There's typically some outrage every year related to which contenders make the final cut and become full blown nominees, but there deserves to be a whole lot more outrageous regarding this. Apparently an average of 5.5% of polled Academy members don't even watch the Best Picture nominees.
This surprising revelation comes courtesy of a new Hollywood Reporter piece, which polled how AMPA members watched each of the films that are currently up for the 2015 Best Picture Academy Award. And the results that were returned will leave passionate moviegoers agog.
According to their figures:
- 5% of people asked didn’t watch American Sniper
- 2.6% failed to see The Grand Budapest Hotel
- 10% missed Selma
2% didn’t see Birdman
7% failed to watch The Theory Of Everything
- 5% missed Boyhood
- 4.5% didn’t watch The Imitation Game
- And 7% failed to get around to watching Whiplash.
Now, this doesn’t mean that they actually went and cast their final vote when the Academy asked them for their opinion. However it’s probably safe to assume that if they decided to respond to this survey then they also took the time to cast their Best Picture vote too. But rather than having an informed vote on all of the movies that were nominated, they simply just ticked for the film that they’ve actually seen/liked.
All in all it’s just rather depressing. Of course we’ve all been in that situation where we’ve insisted that we’re going to see a film, only to then either forget or get bogged down by another of life’s frivolities. Then, by the time that you finally decide to go and watch the film, you’re horrified to find that it has been removed from your local cinema and you now have to wait for weeks, maybe months, for it to be released on DVD. It’s a common occurrence.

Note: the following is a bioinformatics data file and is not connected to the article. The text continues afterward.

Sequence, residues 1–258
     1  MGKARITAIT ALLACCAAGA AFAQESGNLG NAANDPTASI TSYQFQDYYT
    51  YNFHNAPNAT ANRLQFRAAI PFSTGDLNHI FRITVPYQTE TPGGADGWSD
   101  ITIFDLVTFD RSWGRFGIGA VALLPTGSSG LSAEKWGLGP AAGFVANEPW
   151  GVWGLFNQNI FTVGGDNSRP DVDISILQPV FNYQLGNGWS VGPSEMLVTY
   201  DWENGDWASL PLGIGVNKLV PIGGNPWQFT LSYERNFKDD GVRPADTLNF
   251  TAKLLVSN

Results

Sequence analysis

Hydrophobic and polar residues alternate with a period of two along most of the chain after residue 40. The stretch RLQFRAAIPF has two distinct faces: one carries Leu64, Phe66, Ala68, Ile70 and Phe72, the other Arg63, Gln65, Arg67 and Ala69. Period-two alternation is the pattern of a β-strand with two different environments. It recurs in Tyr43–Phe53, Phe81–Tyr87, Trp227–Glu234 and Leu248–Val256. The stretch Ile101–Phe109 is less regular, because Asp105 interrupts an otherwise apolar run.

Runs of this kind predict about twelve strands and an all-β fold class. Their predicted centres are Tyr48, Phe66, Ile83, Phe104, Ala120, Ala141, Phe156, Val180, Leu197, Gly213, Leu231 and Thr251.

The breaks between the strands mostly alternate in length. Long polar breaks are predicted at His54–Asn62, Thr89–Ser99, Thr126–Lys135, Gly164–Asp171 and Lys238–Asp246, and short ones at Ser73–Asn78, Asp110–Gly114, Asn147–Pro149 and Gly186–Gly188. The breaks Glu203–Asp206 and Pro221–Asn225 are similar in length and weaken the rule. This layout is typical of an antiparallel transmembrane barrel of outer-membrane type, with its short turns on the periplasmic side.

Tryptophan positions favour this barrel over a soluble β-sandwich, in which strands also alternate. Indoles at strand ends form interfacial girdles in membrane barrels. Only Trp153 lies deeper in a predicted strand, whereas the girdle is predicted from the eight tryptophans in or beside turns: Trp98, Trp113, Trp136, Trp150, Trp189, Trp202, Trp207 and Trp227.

But these Academy members can’t really hide behind this oversight. That’s because they all received screeners delivered straight to their homes that they could watch at any time in the comfort of their abode. An overwhelming majority admitted to watching a screener rather than visiting a cinema for six out of the eight Best Picture nominations. In fact Boyhood was the only film that was watched by the majority of Academy members in a screening room or theater (48% did just that, with 45% watching it on a screener), while it was an even split for The Grand Budapest Hotel, as 48% admitted to seeing it on a screener and another 48% admitted to watching it in a theater. But before you start fretting about the Academy members’ pennies, don’t worry; they didn’t have to pay to visit the screening room.
It’s very unlikely that the votes cast by those who didn’t see the entire Best Picture field will prove to be decisive. But it’s another sad example of just how out of touch the Academy and its members are with the modern moviegoer. Boyhood is still widely tipped to take the Best Picture gong during Sunday’s ceremony, while The Grand Budapest Hotel and Birdman are regarded as the leading outsiders.
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